Thursday, June 19, 2008

bookmarking bastiat #2

It has been a while since I finished reading the Bastiat Collection put out by the Mises Institute, so before I completely forget some of the best material I've found in there I'll whip it up into this blogpost, which I realize should get quite lengthy as I quote stuff.

In ridicule of the "balance of trade" protectionist theories, Bastiat writes;
"There is still another inference to be deduced from this, which is that according to the theory of the balance of trade, France has a very simple means of doubling her capital at any moment. It is enough to pass them through the Customhouse, and then pitch them into the sea. In this case the exports will represent the amount of her capital, the imports will be nil, and impossible as well, and we shall gain all that the sea swallows up." --Economic Sophisms— Social Fallacies Chapter Six, Pages 224-225
On the folly of central planning and practicality of spontaneous order;
"On entering Paris, which I had come to visit, I said to myself— here are a million human beings who would all die in a short time if provisions of every kind ceased to flow toward this great metropolis. Imagination is baffled when it tries to appreciate the vast multiplicity of commodities that must enter tomorrow through the barriers in order to preserve the inhabitants from falling a prey to the convulsions of famine, rebellion and pillage. And yet all sleep at this moment, and their peaceful slumbers are not disturbed for a single instant by the prospect of such a frightful catastrophe. On the other hand, eighty departments have been laboring today, without concert, without any mutual understanding, for the provisioning of Paris. How does each succeeding day bring what is wanted, nothing more, nothing less, to so gigantic a market? What, then, is the ingenious and secret power that governs the astonishing regularity of movements so complicated, a regularity in which everybody has implicit faith, although happiness and life itself are at stake? That power is an absolute principle, the principle of freedom in transactions. We have faith in that inward light that Providence has placed in the heart of all men, and to which He has confided the preservation and indefinite amelioration of our species, namely, a regard to personal interest— since we must give it its right name— a principle so active, so vigilant, so foreseeing, when it is free in its action. In what situation, I would ask, would the inhabitants of Paris be if a minister should take it into his head to substitute for this power the combinations of his own genius, however superior we might suppose them to be—if he thought to subject to his supreme direction this prodigious mechanism, to hold the springs of it in his hands, to decide by whom, or in what manner, or on what conditions, everything needed should be produced, transported, exchanged and consumed?" --Economic Sophisms, Social Fallacies Chapter Eighteen, Pages 272-273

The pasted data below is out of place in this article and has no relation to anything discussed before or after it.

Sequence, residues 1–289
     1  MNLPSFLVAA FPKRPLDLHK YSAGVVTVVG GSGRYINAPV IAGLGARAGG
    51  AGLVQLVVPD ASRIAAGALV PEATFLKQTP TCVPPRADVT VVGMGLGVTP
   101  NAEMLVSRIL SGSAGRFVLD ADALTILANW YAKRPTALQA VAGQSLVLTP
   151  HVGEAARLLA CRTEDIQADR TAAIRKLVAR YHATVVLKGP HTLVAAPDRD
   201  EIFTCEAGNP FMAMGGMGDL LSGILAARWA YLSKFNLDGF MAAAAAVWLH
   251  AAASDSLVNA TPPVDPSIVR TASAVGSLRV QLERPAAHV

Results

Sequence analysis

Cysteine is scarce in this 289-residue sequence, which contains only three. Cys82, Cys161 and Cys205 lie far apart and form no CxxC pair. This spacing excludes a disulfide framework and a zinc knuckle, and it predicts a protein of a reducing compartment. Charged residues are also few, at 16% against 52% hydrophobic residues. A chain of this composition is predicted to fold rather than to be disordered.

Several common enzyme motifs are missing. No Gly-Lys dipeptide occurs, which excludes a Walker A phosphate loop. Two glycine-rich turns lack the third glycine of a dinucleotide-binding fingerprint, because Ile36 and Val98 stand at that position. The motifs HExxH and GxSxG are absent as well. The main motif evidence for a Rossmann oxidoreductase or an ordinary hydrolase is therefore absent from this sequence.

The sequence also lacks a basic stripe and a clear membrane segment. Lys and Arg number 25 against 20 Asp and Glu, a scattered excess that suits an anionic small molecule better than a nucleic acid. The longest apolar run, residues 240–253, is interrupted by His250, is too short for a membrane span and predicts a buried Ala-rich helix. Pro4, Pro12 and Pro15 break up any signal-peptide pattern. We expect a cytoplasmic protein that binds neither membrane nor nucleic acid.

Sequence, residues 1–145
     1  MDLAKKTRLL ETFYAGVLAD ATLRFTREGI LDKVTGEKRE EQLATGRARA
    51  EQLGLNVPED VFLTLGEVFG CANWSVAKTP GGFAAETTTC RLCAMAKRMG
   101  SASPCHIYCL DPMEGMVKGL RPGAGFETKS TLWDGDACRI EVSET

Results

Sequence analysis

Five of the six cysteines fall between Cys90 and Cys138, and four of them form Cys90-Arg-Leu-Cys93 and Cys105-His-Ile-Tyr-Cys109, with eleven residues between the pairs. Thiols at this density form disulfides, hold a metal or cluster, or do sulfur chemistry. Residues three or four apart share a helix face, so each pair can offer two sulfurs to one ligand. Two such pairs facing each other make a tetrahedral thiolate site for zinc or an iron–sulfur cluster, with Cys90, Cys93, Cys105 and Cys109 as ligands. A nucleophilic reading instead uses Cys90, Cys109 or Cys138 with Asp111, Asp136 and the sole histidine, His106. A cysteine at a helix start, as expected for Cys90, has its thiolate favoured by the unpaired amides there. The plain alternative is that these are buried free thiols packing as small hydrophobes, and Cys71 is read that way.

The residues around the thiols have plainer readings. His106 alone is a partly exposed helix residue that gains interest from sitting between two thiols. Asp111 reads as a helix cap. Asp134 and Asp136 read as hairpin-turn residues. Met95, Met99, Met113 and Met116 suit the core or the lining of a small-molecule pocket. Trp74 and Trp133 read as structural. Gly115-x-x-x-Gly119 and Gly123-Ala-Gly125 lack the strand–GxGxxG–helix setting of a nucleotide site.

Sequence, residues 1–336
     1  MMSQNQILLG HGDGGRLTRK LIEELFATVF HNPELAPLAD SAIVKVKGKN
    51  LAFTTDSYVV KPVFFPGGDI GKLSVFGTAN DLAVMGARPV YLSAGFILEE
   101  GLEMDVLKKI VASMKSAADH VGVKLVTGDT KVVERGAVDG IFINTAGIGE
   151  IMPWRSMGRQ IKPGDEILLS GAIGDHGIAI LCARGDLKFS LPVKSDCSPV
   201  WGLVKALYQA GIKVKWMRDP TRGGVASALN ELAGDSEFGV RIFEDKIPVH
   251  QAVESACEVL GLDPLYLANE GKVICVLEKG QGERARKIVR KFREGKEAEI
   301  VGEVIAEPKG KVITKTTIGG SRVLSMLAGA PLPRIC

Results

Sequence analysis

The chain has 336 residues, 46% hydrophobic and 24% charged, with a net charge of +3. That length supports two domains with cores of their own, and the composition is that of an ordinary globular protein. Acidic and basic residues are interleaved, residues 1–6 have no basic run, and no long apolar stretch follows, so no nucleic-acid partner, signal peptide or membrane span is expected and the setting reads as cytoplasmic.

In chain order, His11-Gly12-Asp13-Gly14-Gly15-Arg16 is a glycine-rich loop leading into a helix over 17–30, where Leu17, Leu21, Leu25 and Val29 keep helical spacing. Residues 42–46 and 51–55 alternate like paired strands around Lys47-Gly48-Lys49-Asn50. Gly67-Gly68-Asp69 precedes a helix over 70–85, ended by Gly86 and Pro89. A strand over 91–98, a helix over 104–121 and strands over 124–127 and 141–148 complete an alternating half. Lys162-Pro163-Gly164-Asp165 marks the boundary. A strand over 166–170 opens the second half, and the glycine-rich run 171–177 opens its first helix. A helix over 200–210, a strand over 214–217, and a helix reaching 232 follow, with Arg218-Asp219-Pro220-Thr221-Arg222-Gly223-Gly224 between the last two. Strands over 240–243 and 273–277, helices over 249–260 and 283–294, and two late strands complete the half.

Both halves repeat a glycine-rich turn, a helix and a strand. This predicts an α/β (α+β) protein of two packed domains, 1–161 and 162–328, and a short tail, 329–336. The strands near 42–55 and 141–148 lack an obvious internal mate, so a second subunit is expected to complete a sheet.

Bastiat was in favor of practicing wertfrei economics, to not let personal preferences cloud judgment of economic fact;
"In political economy there are no absolute principles.
In plain language, this means:
“I know not whether it be true or false; I am ignorant of what constitutes general good or evil. I give myself no trouble about that. The immediate effect of each measure upon my own personal interest is the only law which I can consent to recognize.” --Economic Sophisms, Social Fallacies Chapter Twenty, Page 281

On the dangers of mixing your metaphors;
"The word invasion itself is a good illustration of this. A French ironmaster exclaims: Preserve us from the invasion of English iron. An English landowner exclaims in return: Preserve us from the invasion of French wheat. And then they proceed to interpose barriers between the two countries. These barriers create isolation, isolation gives rise to hatred, hatred to war, war to invasion. What does it signify? cry the two sophists; is it not better to expose ourselves to a possible invasion than accept an invasion that is certain? And the people believe them, and the barriers are kept up.

And yet what analogy is there between an exchange and an invasion? What possible similarity can be imagined between a ship of war that comes to vomit fire and devastation on our towns, and a merchant ship that comes to offer a free voluntary exchange of commodities for commodities?" --Economic Sophisms, Social Fallacies Chapter Twenty-two, Page 296

On being sold counterfeit goods;
But among civilized nations surely the producers of riches are now become sufficiently numerous and strong to defend themselves.
Does this mean that they are no longer robbed? They are as much so as ever, and moreover they rob one another.
The only difference is that Spoliation has changed her agent She acts no longer by Force, but by Cunning.
To rob the public, it is necessary to deceive them. To deceive them, it is necessary to persuade them that they are robbed for their own advantage, and to induce them to accept in exchange for their property, imaginary services, and often worse." --Economic Sophisms, Social Fallacies Chapter Twenty-three, Page 304

Looking now at my reference list I realize I have 29 bookmarks more to go, all from the second volume. Should I spare you the agony/joy for until the next time? I warn you though, I may be absent for a while.

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